When I saw that one of my favourite games on the PS2, Star Wars Battlefront II, had a portable version available on the PSP, which I could download and play on my PS Vita, I was skeptical. Was it possible that this game, which I had spent so many hours playing on the PS2, could be transported to a portable with inferior hardware (compared to its console brethren)?
Well, we all knew the answer to that question is ‘no’, but it’s not as bad as you might think.
The basic premise behind the Star Wars Battlefront series is that you play as a trooper on a specific side during one of two wars – the Clone Wars (droids versus clones) and the Galactic Civil War (Stormtroopers versus Rebels). You can play as either side, and the action takes place on one of the well-known planets in the Star Wars Galaxy (such as Tatooine, Dagobah, Hoth, and Endor, for example). Gameplay revolves around defeating the opposition, either through defeating all their troops (shown by a number in the top of the screen) or by capturing all of the ‘command posts’, which are points that can respawn friendly troops, and capturing all of the command posts on a map and holding onto them for 20 seconds will result in a win. One of the benefits of playing on a PS Vita was the controller – on the PSP version you had to use the face buttons to move the reticule, but on the PS Vita you can map this to the second stick, meaning I was able to use both sticks in the game.
There are several modes, the first of which are “challenges”.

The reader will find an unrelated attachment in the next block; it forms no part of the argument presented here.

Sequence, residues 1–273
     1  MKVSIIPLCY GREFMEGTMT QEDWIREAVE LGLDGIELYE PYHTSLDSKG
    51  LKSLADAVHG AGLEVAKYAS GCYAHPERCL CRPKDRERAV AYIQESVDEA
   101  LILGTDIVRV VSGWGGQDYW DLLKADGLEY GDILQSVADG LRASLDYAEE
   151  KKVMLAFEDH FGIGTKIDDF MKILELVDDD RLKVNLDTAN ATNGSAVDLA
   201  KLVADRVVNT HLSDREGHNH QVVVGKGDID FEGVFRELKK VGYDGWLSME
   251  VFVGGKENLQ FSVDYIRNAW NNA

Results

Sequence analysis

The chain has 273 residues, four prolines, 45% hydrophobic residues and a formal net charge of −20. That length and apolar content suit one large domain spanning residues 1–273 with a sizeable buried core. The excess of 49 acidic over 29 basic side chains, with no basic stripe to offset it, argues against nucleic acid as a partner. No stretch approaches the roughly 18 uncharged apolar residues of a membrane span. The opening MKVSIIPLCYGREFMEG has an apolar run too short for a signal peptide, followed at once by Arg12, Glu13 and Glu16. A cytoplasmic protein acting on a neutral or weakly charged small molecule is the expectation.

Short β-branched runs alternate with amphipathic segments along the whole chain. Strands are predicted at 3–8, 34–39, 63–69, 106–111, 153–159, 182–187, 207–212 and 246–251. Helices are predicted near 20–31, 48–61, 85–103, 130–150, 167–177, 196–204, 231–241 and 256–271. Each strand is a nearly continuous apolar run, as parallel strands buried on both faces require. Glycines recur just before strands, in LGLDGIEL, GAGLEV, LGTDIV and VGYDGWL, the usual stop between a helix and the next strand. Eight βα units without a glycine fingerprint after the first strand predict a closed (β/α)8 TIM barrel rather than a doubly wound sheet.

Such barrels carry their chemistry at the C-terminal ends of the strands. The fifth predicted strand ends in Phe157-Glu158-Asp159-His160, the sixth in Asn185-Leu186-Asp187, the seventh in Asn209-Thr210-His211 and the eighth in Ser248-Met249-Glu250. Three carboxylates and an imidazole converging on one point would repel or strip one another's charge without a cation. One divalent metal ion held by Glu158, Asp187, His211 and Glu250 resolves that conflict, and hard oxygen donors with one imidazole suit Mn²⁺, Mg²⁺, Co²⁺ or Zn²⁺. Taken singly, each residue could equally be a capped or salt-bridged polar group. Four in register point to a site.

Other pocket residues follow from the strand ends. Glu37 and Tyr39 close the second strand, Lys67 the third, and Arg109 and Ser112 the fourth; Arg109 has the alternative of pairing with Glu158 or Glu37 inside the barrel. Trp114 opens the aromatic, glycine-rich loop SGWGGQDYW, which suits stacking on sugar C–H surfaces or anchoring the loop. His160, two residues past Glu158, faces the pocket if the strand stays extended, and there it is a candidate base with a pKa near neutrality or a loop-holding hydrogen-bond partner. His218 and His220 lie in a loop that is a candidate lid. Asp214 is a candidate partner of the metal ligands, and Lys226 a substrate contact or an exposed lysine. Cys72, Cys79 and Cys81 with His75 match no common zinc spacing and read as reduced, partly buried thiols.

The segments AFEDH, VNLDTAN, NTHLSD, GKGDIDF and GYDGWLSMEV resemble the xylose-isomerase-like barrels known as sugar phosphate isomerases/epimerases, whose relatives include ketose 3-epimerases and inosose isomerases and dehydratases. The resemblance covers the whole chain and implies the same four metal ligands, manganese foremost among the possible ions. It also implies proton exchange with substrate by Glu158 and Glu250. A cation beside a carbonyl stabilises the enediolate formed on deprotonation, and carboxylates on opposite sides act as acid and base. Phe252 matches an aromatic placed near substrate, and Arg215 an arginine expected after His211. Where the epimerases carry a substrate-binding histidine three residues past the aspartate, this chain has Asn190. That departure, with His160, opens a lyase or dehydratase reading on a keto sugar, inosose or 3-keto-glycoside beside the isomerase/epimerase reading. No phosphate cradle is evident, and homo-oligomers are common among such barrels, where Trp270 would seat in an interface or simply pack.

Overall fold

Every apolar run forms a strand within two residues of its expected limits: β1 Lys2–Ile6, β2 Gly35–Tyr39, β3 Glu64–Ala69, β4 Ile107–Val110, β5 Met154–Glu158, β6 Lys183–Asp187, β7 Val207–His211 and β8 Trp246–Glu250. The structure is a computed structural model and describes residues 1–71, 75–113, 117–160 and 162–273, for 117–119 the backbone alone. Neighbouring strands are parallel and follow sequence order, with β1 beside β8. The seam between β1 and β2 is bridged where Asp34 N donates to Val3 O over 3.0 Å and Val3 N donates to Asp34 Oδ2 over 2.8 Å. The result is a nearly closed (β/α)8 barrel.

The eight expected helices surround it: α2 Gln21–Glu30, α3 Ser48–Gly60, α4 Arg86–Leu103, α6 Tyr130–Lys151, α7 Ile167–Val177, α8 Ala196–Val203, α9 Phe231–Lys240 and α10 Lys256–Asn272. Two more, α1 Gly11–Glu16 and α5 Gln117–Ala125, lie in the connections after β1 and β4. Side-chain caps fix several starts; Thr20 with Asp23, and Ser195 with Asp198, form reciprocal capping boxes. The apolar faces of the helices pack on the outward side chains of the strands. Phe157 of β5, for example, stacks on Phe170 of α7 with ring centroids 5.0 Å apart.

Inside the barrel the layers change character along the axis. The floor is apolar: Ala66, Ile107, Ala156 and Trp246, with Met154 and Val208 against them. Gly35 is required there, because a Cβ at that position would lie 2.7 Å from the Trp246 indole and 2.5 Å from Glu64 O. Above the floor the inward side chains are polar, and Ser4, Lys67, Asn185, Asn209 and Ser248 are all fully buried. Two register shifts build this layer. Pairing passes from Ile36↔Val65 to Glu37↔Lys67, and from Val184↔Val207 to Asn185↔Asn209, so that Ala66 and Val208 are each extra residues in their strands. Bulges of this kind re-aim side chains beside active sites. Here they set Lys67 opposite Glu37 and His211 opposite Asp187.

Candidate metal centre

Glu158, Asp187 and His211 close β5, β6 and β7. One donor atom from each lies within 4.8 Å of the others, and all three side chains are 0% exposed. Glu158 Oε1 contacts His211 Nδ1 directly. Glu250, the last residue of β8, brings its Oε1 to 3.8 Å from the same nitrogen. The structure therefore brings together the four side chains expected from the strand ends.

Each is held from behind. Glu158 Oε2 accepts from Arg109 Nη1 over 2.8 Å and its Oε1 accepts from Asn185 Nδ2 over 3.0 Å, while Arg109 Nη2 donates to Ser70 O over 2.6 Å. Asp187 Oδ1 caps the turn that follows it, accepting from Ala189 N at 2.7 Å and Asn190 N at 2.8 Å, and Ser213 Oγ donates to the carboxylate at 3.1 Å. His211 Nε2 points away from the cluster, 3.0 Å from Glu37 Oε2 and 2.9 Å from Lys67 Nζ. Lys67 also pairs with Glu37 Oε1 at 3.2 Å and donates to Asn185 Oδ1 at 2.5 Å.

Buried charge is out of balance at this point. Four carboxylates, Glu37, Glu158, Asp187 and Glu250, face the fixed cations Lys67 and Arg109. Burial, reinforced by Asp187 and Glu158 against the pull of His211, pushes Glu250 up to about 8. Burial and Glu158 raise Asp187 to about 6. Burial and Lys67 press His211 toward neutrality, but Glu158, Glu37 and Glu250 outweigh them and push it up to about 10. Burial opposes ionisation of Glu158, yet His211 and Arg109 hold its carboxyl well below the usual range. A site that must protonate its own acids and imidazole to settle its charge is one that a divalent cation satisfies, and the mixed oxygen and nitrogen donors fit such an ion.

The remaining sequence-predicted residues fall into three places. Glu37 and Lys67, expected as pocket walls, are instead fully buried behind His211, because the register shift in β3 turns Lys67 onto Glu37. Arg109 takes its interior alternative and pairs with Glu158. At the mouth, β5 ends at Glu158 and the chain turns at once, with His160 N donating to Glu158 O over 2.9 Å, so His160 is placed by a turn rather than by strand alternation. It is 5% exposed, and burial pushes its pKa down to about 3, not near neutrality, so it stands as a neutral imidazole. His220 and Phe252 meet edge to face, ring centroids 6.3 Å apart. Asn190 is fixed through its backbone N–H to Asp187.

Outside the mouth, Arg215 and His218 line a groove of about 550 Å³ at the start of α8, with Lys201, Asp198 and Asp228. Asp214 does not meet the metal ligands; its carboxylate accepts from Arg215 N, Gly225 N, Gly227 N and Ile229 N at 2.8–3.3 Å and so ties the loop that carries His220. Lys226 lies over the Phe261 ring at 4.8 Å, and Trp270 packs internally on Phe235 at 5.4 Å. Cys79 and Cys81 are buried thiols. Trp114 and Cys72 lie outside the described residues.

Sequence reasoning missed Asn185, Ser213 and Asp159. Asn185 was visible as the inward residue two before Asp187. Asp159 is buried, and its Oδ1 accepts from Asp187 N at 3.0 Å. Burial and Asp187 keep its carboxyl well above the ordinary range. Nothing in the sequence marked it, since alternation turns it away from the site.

Challenges sadly replace the excellent “Rise of the Empire” campaign from the console versions, which was a brilliant work of art and a pinnacle in game story-telling, in my opinion, so the fact that they left it out was a little depressing. Unfortunately, the challenges don’t make up for the lost campaign. They are a collection of basic tasks which wouldn’t be out of place in a mobile game. There are three challenge sets, one which sees you annihilating the native species of a planet as a sniper, the second sees you playing the part of a rogue stormtrooper assassinating imperial officers on planets, and the third sees you playing as rebel smuggler tasked with locating objects and returning them to a specific location. The first two were a bit of fun, but I can’t see myself playing them in the future. The rebel smuggler one, however, was a mess concerning the area of game design. During one of the levels, which takes place in space, you had to get an object from the enemy spaceship. No problem there. Coming back, I was shot down, and I could not find the item anywhere. So it reset, I went to the enemy ship, picked it up, and got shot down again. The level was timed as well, so I didn’t end up finishing. The AI seemed to have a real spike during this level, because I could run to the enemy ship all the time in other modes with no problem, and that is just weird and annoying. Games should not have difficulty spikes to make you keep playing the game.